Halifax house prices fall in August

Sarah Davidson

September 6, 2012

House prices in the three months to August were 0.3% lower than in the preceding three months – slightly worse than in July when there was a 0.1% decline in prices on a three monthly basis.

Depsite fluctuations there has been little overall change in prices over the first eight months of 2012. The average UK house price in August 2012 was 0.2% higher than in December 2011. House prices nationally are at a very similar level to three years’ ago, at £160,256.

Martin Ellis, housing economist at Halifax, said: “Nationally, house prices continue to tread water, as measured by the underlying trend.

“A gradual upward trend in spending power, aided by lower inflation, should help to support housing demand in the coming months. Nonetheless, house prices are likely to remain flat over the remainder of 2012 and into next year.”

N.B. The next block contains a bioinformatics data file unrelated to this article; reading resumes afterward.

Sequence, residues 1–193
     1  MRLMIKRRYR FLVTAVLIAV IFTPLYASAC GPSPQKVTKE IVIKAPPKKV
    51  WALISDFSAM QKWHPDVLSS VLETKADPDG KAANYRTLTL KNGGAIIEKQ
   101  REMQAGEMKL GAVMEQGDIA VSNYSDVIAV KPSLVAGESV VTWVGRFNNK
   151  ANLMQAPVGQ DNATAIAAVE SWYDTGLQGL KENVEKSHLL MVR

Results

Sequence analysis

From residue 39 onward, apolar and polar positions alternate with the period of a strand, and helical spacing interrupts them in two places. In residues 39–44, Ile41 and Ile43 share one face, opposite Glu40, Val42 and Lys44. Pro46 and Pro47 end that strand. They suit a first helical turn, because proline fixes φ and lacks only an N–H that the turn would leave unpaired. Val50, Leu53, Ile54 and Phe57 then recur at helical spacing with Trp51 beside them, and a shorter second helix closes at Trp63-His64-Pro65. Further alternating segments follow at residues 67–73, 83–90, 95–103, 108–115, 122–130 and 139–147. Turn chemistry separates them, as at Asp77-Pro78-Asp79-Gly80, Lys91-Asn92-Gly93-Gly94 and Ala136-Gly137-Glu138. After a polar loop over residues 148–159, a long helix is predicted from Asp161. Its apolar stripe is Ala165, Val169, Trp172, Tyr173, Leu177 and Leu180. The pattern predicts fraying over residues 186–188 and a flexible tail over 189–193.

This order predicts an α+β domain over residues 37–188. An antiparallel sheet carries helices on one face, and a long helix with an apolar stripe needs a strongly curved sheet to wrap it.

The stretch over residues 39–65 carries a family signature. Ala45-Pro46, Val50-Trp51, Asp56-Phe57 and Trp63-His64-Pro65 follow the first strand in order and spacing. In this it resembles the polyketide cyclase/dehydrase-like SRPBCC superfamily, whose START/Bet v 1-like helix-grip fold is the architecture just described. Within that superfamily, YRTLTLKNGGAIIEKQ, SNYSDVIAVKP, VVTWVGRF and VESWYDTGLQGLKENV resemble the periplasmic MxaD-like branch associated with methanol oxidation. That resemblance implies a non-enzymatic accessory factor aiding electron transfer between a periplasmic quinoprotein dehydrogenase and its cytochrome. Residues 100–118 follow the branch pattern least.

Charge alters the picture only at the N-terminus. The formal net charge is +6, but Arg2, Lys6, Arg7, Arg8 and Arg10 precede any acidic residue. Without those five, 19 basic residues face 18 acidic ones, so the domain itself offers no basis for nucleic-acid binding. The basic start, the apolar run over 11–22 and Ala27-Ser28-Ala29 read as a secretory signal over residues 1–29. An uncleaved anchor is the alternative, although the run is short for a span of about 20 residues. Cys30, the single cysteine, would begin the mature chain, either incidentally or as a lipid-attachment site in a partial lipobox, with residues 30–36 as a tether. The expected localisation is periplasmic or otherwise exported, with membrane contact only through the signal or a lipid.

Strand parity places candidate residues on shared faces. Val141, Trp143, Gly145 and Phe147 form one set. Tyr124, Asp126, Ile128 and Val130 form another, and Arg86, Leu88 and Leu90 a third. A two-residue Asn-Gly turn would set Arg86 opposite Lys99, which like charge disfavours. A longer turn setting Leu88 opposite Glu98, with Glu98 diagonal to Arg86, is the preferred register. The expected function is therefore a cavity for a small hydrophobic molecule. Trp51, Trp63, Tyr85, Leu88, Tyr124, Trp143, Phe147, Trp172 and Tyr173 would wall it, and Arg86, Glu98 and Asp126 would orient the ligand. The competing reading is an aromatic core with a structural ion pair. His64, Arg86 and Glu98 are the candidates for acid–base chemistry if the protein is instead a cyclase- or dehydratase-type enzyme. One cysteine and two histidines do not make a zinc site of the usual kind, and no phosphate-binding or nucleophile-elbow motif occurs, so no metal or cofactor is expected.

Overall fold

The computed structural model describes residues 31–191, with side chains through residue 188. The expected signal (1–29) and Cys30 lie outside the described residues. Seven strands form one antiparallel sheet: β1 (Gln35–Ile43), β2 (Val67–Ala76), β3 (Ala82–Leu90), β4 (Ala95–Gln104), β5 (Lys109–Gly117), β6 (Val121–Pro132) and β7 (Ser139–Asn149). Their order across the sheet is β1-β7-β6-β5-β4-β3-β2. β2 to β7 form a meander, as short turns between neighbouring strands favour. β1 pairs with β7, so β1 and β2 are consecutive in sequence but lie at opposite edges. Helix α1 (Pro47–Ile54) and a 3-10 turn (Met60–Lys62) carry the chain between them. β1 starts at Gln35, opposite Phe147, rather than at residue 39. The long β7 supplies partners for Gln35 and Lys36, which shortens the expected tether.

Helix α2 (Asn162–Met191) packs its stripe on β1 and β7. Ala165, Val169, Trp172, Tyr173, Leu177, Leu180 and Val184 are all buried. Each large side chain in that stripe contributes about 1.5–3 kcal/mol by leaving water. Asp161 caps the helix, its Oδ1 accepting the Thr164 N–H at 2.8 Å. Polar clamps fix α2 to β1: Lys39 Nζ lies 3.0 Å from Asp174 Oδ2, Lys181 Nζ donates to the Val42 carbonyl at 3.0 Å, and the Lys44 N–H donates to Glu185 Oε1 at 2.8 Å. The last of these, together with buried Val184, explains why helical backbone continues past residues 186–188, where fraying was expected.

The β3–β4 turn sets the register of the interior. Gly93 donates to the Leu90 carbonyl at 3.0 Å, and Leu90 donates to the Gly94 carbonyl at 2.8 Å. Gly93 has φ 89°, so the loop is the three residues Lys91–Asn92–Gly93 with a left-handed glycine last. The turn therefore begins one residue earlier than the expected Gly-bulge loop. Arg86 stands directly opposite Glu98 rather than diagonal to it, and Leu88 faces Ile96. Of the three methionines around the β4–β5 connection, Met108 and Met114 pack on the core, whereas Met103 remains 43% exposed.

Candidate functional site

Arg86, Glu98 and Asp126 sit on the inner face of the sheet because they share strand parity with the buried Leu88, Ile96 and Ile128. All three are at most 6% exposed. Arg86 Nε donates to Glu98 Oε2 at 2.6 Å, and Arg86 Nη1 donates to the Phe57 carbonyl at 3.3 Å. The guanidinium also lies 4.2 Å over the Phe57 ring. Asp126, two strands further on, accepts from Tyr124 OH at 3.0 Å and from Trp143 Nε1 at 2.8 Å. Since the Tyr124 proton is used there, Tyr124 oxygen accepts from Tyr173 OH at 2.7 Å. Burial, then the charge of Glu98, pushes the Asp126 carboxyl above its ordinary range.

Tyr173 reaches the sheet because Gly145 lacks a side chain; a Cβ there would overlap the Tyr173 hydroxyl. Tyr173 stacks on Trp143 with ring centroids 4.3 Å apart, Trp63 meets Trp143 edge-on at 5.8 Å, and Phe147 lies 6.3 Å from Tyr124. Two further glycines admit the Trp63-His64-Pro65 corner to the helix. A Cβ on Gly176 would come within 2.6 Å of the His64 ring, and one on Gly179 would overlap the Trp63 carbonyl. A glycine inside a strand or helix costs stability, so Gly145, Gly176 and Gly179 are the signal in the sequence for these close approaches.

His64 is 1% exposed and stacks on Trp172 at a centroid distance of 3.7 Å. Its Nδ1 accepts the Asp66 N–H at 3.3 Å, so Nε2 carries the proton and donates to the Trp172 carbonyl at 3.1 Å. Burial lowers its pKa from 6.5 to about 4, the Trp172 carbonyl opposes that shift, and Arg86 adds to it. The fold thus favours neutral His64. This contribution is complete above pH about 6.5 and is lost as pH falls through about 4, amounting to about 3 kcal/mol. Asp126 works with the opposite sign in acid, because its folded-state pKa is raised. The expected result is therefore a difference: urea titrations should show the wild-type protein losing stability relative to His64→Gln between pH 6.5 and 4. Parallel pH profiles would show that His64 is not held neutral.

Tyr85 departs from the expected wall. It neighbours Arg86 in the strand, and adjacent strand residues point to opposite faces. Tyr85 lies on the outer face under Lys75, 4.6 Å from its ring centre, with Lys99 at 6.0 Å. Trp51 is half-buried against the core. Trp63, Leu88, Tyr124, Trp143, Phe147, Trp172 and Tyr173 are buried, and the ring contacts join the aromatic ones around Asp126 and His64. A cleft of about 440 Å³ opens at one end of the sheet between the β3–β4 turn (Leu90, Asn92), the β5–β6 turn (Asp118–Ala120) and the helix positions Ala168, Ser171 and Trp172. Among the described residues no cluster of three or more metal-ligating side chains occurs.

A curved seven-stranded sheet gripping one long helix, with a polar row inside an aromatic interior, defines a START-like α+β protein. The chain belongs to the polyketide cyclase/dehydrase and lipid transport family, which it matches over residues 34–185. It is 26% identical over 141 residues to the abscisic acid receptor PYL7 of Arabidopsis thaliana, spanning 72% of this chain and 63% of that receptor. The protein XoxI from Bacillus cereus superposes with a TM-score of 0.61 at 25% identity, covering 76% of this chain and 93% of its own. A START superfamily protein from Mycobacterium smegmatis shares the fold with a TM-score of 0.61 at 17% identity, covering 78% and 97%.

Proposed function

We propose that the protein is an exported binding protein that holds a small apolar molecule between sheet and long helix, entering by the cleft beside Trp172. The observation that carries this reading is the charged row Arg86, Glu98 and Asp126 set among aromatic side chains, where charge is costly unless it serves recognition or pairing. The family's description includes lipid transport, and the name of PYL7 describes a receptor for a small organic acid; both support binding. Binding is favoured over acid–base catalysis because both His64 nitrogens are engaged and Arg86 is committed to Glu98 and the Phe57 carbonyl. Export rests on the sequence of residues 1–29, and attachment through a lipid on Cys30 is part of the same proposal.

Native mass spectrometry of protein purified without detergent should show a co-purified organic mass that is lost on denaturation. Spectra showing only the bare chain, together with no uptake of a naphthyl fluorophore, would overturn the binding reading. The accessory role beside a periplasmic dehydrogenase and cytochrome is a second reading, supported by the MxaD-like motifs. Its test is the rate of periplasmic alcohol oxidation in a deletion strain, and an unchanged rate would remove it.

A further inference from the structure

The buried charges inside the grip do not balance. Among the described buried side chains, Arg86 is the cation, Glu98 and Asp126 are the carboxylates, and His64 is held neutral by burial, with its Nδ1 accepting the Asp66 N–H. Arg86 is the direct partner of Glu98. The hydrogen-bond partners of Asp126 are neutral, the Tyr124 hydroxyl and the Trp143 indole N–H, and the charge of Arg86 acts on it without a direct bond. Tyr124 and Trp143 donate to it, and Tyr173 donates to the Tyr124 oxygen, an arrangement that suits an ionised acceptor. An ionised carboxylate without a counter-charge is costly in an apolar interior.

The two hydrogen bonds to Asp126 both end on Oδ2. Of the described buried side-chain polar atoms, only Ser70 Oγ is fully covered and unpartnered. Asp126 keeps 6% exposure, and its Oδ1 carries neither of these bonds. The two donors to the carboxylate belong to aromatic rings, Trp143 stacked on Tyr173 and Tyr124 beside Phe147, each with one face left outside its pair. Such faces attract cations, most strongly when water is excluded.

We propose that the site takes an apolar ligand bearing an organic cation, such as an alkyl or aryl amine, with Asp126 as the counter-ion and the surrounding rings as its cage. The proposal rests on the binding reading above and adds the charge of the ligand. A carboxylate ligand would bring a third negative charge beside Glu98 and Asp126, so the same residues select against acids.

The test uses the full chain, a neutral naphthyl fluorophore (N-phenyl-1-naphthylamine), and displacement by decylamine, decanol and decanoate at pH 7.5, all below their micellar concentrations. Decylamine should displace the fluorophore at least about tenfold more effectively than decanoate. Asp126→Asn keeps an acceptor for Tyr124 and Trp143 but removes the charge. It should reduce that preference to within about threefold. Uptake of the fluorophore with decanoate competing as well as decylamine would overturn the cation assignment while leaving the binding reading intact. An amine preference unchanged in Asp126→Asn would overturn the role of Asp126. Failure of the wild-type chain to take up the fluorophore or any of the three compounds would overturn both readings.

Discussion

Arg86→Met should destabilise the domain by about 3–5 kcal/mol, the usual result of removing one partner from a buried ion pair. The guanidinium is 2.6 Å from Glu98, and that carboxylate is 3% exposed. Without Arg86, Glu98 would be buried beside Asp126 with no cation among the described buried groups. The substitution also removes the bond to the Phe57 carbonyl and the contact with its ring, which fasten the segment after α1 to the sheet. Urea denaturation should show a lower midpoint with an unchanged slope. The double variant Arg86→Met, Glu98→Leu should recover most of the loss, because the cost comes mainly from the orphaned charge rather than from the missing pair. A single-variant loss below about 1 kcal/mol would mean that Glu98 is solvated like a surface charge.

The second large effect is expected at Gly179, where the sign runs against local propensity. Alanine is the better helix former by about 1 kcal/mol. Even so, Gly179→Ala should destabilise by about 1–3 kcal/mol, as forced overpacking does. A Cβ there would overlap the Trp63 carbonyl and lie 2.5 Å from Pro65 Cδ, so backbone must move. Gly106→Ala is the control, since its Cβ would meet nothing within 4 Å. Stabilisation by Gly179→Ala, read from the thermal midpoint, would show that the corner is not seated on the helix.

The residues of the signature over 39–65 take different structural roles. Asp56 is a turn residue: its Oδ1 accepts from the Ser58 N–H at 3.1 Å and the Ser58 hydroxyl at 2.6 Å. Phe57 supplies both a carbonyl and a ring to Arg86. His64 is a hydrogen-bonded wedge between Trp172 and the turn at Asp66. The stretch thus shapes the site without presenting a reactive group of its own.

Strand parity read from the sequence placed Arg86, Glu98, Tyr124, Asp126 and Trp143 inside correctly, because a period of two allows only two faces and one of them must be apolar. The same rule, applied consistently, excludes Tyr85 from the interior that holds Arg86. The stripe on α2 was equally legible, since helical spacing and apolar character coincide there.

The lender said there had been an industry-wide improvement in the number of mortgages approved to finance house purchase – a leading indicator of completed house sales.

Approvals picked up in July with a 7% increase following a 13% decline the month before. Overall, approvals in the three months to July were marginally lower (-2%) than in the same three months last year.

Russell Quirk, director of low cost estate agents eMoov.co.uk, said: “The treading water cliche has been wheeled out once again, but in fairness to the Halifax that accurately sums up what the property market is doing: very little indeed.

“The paralysis of the property market could continue for quite some time, as both lender and consumer confidence are weak.

“It’s clutching at straws to think that marginally lower inflation will suddenly inject confidence into the market. There are countless points of weakness.”

Nick Hopkinson, director of PPR Estates, said the Credit Crunch of 2008 remained “wholly unresolved” with mortgages only really available to those who don’t need the money.

And he added: “Mortgage costs for anyone brave enough to take out a loan are typically closer to 5% rather than the 0.5% official rate which effectively nullifies the benefits of the Bank of England’s low rate policy for most consumer borrowers.”

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